Listed on Blogwise
  • Wednesday, June 30, 2004
    A slow day in Ghanaland ... catching up on video editing mostly ... so I'll take this chance to catch you up on some little bits of Ghana culture (popular and otherwise) that might have slipped my previous accounts. Call it "An Obroni's Guide to Accra"

    And I would be remiss if I didn't start with the absolute highlight of my trip. Forget the wonderful people. Forget the amazing hospitality. Forget the beautiful children. You come to Ghana for one reason and one reason only. You come for the...

    Fan Yogurt - Among the infinte number of things that people young (way too young) and old sell in the middle of the streets to anyone driving or riding by is Fan Yogurt. They carry huge tall boxes of it on their heads and run alongside cars selling it ... defying several of what I previously thought were immutable laws of physics. One of them is that frozen things in cardboard boxes in the heat should get warm ... but these don't. Fan yogurt is frozen yogurt or ice milk that comes in little packets. You pay 2000 cedis for one, they hand it to you wrapped in an old lottery sheet, you wipe off one corner, bite the corner off and suck on it for all its worth. I thought the strawberry was good UNTIL I HAD THE CHOCOLATE. Here's a tip ... it doesn't matter how bad a day you are having in Accra, a ChocoFan will make it better. It's like really good frozen chocolate milk that melts as you are sucking it down. MMMMMMMMMMM. You can see us often sitting on tro-tros sucking on our ChocoFan like babies with binkies!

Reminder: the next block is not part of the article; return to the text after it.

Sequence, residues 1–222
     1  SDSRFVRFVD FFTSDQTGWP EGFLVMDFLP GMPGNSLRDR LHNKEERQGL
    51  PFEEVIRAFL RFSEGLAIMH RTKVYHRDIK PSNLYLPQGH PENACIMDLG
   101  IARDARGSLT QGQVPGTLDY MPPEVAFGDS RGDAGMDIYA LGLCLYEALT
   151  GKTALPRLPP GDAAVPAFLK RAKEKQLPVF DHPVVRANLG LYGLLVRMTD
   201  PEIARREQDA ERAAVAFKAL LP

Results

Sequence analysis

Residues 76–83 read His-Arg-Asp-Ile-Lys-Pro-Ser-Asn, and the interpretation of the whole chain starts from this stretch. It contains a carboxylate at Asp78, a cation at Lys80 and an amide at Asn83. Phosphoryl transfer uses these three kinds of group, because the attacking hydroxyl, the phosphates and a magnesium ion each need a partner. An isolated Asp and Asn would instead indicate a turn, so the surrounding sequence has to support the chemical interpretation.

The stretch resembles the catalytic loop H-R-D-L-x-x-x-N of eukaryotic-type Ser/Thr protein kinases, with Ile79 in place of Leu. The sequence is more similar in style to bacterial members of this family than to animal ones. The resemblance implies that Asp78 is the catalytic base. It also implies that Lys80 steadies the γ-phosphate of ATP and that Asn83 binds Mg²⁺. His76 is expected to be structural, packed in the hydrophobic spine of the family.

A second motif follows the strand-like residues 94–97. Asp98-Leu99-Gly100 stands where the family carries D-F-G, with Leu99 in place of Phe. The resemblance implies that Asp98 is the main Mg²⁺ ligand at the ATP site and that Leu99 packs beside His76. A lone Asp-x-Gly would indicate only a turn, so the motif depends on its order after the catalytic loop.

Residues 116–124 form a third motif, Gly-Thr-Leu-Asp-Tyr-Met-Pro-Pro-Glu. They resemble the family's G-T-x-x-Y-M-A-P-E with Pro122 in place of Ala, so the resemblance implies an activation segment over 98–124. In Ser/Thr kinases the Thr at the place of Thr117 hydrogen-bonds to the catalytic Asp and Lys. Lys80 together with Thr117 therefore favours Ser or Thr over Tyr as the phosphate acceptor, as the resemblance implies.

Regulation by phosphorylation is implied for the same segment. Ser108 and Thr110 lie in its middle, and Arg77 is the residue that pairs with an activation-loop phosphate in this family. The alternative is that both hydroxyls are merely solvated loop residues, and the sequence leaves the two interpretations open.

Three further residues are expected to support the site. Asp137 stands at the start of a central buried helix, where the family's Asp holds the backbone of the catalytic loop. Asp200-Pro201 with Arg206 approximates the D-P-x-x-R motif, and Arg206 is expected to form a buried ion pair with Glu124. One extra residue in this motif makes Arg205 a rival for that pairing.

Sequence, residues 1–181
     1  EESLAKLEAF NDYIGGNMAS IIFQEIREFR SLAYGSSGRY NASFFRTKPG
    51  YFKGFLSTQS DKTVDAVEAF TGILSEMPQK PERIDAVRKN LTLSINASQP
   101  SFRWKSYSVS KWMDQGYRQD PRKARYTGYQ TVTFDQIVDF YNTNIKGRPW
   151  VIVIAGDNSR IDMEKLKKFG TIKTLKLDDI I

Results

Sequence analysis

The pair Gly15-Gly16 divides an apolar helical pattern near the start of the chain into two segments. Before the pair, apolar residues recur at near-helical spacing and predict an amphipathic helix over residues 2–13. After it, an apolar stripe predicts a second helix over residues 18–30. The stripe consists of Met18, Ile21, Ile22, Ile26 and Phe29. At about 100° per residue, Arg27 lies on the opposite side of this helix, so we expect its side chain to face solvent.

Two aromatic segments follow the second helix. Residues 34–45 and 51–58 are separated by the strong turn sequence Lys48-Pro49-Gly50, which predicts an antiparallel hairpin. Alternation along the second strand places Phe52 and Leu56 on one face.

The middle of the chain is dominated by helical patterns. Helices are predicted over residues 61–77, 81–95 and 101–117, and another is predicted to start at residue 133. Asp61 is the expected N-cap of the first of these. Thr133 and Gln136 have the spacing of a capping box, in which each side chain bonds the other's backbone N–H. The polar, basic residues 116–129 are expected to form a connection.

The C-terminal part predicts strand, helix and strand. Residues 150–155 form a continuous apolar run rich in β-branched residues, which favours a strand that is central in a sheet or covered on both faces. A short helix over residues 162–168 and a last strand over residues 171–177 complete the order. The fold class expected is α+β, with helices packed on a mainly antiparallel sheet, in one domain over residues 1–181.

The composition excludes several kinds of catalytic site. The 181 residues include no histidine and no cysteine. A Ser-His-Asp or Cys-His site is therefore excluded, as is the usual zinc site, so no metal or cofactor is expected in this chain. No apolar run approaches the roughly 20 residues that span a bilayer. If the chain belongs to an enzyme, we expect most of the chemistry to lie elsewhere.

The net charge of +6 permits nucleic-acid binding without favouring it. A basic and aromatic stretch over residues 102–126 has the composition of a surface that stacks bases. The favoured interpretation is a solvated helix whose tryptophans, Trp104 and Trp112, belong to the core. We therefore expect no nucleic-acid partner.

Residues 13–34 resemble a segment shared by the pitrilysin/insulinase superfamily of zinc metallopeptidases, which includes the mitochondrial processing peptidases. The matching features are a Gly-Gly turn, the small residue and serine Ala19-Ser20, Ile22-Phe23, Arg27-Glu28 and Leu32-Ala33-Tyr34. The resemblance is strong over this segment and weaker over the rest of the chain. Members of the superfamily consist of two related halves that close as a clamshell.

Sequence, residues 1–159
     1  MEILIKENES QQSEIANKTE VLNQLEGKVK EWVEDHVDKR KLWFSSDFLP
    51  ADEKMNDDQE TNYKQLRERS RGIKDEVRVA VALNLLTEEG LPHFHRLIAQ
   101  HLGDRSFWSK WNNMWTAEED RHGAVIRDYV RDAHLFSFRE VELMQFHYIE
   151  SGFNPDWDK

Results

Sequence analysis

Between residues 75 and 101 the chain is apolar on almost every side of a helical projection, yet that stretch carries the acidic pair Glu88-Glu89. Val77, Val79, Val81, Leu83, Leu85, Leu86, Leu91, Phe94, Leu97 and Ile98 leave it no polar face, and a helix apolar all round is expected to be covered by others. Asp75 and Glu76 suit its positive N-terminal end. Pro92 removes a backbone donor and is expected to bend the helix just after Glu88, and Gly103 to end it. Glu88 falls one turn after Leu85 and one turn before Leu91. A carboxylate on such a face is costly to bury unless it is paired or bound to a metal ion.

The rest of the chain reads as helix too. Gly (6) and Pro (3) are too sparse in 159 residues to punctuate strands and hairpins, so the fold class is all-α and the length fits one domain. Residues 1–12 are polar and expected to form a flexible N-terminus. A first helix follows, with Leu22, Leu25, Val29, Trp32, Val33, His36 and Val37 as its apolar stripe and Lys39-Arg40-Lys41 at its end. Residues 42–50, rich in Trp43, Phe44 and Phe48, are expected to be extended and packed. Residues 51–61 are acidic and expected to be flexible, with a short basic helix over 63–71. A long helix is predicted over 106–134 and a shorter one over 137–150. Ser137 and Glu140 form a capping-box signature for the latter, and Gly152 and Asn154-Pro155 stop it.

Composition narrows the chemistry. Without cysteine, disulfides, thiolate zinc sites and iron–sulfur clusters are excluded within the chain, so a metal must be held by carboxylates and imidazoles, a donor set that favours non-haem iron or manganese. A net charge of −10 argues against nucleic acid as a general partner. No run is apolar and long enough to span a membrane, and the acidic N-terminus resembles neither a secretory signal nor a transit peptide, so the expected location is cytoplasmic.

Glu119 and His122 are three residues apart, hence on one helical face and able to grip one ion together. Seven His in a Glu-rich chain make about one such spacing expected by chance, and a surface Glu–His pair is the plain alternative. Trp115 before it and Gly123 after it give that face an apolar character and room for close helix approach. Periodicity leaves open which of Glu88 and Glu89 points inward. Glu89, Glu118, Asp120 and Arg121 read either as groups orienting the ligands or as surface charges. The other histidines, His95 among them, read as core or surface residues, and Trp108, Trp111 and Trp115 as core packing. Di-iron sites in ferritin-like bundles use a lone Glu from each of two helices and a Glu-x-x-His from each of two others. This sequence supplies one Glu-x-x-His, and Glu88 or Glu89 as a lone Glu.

Water Satchets - Same principle as the Fan Yogurt (though healthier albeit far less satisfying). If you're from the West, drinking tap water here is not a good idea seeing as there are little critters in it that our stomachs don't have enzymes for. No worry. In addition to big bottles of water, you can buy water in satchets from hoardes of people who run alongside cars and sit in the markets yelling out "Pure Water!" Only not all the water is pure. Lisa and Rachel clued me in on this the first day ... first you have to look for the "official Ghana seal of approval" on each bag. That tells you that it really has gone through a place that actually purifies the water, not one that just puts tap water in little packets. Then ... and here's the cool trick ... try to get packaging that has more than one color on it. R&Ls theory is that the ones that can afford more colors probably have better machinery and the water should taste better. Don't know if it's all in my head, but it seems to work. (A sideline to this ... if you're a big fan of ice, don't come to Ghana ... no ice for Westerners -- it's all made out of the tap water and the critters are alive and well when they thaw out!)